cover image Walking with the Comrades

Walking with the Comrades

Arundhati Roy. Penguin, $15 trade paper (240p) ISBN 978-0-14-312059-9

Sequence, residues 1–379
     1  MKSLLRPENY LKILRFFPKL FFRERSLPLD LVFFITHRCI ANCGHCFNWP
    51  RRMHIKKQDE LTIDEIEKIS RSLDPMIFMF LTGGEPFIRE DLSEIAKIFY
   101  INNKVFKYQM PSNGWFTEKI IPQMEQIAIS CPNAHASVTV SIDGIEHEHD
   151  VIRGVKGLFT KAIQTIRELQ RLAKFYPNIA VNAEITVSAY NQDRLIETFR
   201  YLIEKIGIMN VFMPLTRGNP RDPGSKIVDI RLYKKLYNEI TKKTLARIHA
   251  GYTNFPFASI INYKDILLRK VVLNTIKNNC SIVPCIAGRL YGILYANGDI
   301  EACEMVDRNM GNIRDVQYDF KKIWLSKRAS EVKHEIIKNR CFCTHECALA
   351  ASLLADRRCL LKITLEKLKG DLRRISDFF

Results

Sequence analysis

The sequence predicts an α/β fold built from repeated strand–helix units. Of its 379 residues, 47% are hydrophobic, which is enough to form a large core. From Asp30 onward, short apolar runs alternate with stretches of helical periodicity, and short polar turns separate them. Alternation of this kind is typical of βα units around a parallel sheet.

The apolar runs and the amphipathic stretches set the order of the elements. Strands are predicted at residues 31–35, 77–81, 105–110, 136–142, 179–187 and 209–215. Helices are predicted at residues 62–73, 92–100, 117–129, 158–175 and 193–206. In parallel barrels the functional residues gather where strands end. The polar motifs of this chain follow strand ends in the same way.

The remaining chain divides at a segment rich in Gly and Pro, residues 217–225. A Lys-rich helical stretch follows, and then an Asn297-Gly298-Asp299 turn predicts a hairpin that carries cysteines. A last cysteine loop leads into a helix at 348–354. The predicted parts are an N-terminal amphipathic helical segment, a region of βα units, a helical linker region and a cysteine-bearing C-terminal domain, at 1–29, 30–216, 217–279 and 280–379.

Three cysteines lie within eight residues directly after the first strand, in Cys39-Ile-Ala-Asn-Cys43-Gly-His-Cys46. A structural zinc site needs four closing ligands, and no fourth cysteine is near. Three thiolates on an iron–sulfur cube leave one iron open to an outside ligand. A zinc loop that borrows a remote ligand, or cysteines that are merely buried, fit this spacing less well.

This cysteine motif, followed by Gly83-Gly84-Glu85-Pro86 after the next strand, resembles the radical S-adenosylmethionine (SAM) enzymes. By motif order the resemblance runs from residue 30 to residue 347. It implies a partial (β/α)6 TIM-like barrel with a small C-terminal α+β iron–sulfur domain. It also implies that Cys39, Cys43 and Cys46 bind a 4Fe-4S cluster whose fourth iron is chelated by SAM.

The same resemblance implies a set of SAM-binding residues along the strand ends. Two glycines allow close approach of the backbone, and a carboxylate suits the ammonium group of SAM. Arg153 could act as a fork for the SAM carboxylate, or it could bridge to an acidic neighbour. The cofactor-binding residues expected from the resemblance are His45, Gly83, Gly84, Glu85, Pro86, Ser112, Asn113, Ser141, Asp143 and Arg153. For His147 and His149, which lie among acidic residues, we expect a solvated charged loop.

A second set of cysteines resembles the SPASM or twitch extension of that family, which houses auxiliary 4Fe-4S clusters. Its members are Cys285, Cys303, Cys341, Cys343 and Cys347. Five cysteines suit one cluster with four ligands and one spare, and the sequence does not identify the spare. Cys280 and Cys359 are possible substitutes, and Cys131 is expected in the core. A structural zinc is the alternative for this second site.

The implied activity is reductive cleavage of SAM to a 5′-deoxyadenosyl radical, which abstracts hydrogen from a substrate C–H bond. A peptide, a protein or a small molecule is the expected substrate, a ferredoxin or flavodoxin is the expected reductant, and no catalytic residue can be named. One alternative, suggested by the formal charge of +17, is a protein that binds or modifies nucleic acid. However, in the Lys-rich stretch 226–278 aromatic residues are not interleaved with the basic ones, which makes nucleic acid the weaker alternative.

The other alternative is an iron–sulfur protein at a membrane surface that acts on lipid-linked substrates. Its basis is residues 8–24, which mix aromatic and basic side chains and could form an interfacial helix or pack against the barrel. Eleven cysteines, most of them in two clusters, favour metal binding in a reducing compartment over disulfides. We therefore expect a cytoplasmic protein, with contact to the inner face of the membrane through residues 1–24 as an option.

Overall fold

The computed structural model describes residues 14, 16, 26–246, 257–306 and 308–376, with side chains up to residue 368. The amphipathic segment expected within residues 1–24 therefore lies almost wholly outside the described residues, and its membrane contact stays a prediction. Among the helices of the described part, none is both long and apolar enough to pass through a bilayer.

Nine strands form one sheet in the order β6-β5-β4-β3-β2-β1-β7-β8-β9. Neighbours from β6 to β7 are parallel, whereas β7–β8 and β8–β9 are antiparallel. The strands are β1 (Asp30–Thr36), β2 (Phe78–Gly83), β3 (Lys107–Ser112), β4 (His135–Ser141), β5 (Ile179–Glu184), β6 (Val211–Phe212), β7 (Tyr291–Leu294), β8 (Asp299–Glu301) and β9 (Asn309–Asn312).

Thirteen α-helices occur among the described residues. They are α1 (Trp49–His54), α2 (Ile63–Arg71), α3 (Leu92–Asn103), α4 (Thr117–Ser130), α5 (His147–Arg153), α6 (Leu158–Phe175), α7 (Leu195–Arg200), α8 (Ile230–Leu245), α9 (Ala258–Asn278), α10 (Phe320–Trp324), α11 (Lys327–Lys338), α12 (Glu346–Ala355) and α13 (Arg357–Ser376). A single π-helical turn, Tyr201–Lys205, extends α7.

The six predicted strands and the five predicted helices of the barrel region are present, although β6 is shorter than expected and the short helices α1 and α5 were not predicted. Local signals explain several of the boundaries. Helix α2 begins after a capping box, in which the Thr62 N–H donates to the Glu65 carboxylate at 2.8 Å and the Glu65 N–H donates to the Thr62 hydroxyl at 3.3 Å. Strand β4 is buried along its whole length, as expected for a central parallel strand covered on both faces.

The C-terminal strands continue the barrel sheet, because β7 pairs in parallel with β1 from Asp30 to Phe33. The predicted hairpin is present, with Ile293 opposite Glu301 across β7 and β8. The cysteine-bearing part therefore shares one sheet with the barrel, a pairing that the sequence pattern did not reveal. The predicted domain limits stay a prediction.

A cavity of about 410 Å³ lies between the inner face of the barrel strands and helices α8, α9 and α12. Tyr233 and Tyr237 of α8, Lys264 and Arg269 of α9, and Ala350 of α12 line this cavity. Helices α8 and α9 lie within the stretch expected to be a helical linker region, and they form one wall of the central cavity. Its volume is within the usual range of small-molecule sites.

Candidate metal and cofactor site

Acclaimed Indian novelist, essayist and activist Roy (The God of Small Things) exposes the violent contradictions of India’s economic miracle in this blistering critique of the Indian government’s campaign against the Maoist insurgents in the country’s central tribal lands encompassing several states. Roy, who recounts time spent on the move with a cadre of rebels, argues forcefully that Operation Green Hunt—launched by the state under the rubric of the threat of terrorism—is an all-out war to remove indigenous communities from lands already promised to corporations eager to exploit their extremely valuable resources. While acknowledging the Maoism’s “problematic past” and acknowledging atrocities on both sides, Roy sees little alternative beyond armed struggle for these people facing aggressive displacement and dispossession by a corporate-government system of exploitation—often operating in tandem with NGOs and other power players. Moreover, she sets the Maoist movement in a much longer history of indigenous resistance, and remains impressed by the dignity and courage of the cadres and the alternative model they offer to passive extinction. Informed, impassioned, at times strident, and fleet and fascinating when describing life on the ground among the rebels, Roy’s prose will both rouse and ruffle. When she speaks of the vast “universe” of undeclared stakeholders in the profits to be made by such human and environmental destruction, she ultimately points to a global system in which all we’re all crucially involved and implicated. (Nov.)